The Lovers

The Lovers

The Lovers is an epic romance time travel adventure film. Helmed by Roland Joffé from a story by Ajey Jhankar, the film is a sweeping tale of an impossible love set against the backdrop of the first Anglo-Maratha war across two time periods and continents and centred around four characters — a British officer in 18th century colonial India, the Indian woman he falls deeply in love with, an American present-day marine biologist and his wife.

Jay Fennel, a modern Australian rugged and attractive marine archaeologist and Tulaja- a 18th century Indian She-warrior. . You can read more in Google, Youtube, Wiki


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The Lovers torrent reviews

Nick E (nl) wrote: There aren't enough words in the English language to describe how bad this film is. I've given it half a star because I couldn't give it zero. Utter Crap!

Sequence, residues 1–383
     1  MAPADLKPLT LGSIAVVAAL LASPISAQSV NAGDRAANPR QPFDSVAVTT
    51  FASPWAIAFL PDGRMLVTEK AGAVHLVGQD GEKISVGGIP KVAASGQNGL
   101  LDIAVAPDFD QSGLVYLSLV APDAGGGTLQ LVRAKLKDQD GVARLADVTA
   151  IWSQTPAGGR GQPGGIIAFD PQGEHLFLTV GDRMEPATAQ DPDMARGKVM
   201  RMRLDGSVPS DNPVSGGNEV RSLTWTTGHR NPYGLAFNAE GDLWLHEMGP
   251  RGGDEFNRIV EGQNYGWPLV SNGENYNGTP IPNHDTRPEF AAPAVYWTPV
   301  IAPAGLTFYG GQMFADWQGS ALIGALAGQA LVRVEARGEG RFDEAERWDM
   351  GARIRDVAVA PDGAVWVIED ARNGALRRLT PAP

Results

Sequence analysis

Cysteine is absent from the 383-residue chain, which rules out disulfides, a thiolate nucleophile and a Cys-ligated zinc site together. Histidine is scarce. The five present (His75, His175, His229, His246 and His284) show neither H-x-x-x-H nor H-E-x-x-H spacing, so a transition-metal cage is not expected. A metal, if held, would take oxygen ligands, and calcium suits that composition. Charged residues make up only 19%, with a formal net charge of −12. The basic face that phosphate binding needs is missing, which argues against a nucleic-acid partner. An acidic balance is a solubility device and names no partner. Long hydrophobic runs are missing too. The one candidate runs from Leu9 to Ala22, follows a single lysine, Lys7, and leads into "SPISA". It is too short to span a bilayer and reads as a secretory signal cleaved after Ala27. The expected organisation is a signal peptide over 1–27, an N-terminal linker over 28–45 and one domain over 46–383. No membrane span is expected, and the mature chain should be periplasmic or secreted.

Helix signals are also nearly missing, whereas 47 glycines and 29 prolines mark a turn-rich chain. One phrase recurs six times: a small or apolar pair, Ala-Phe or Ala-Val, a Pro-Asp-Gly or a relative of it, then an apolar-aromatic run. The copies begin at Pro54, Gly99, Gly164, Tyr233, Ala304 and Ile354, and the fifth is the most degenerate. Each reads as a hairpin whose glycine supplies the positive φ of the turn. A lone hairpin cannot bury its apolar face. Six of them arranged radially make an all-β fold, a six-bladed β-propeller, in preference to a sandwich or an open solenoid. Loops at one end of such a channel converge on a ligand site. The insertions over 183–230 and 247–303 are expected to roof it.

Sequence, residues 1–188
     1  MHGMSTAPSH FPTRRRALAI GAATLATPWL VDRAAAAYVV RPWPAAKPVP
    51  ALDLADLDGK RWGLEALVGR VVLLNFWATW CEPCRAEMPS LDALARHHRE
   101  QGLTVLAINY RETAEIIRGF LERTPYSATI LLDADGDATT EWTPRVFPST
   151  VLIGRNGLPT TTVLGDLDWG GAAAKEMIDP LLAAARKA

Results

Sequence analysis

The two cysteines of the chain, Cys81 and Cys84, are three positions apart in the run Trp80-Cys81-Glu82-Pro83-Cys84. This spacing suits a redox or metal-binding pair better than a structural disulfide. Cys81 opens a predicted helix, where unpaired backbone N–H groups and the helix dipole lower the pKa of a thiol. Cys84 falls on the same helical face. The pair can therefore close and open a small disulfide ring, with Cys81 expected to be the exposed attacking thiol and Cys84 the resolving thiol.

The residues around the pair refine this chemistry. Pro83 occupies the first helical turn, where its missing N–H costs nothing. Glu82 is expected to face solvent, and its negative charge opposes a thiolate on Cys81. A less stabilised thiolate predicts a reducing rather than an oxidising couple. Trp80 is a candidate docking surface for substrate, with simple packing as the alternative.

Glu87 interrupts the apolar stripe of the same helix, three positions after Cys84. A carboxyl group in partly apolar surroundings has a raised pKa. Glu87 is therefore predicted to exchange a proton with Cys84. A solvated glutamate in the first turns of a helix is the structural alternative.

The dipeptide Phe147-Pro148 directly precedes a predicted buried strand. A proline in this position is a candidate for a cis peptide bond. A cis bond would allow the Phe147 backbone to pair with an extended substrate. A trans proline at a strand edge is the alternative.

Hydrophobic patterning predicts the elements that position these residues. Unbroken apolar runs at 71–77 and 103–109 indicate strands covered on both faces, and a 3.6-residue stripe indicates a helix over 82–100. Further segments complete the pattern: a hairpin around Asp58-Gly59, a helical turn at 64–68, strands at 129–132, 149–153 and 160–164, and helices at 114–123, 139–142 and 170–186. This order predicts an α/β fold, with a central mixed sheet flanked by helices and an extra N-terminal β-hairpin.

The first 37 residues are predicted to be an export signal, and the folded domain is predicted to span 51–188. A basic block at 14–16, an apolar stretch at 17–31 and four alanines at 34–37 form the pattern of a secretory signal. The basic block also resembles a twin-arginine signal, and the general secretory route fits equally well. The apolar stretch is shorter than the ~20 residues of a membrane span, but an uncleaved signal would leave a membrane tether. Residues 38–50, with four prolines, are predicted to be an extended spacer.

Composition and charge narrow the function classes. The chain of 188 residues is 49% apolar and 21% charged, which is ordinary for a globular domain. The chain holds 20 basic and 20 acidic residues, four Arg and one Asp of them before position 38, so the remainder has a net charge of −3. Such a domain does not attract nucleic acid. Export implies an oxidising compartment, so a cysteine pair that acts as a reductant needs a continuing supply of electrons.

Pamela H (es) wrote: FUCKIN' AWESOME documentary!! If you're not Australian, you might have trouble understanding the accent, as the Maroubra/Sydney accent is really really heavy. Still, worth watching and a must-see for surf fans. Some really great surfing footage and a good look at the history of the Bra Boys. Made me miss home...

Katie L (es) wrote: I was expecting this movie to be more exciting, but unfortunately I thought it was dull.

Joel C (nl) wrote: Great movie, deserves all the praise it gets!! One of my all time favourite action movies!!

Steve D (mx) wrote: Very engaging with fine performances from all

Larry C (us) wrote: This is so horribly bad

Sue T (br) wrote: Anne Bancroft & Anthony Hopkins are brilliant as expected. Lovely story told through the power of personal letter-writing. There is no reference in the film, but discovered via TCM that this was a true story which made it exceptionally powerful. A must see.

Jonathan P (au) wrote: Really the only ties this film has to the previous two is George Kennedy, who only appears in it for a short time. Bringing back Dean Martin, Burt Lancaster or even Charlton Heston didn't even figure into the production meetings? Anyway it's a watch partially once on TV worthy film.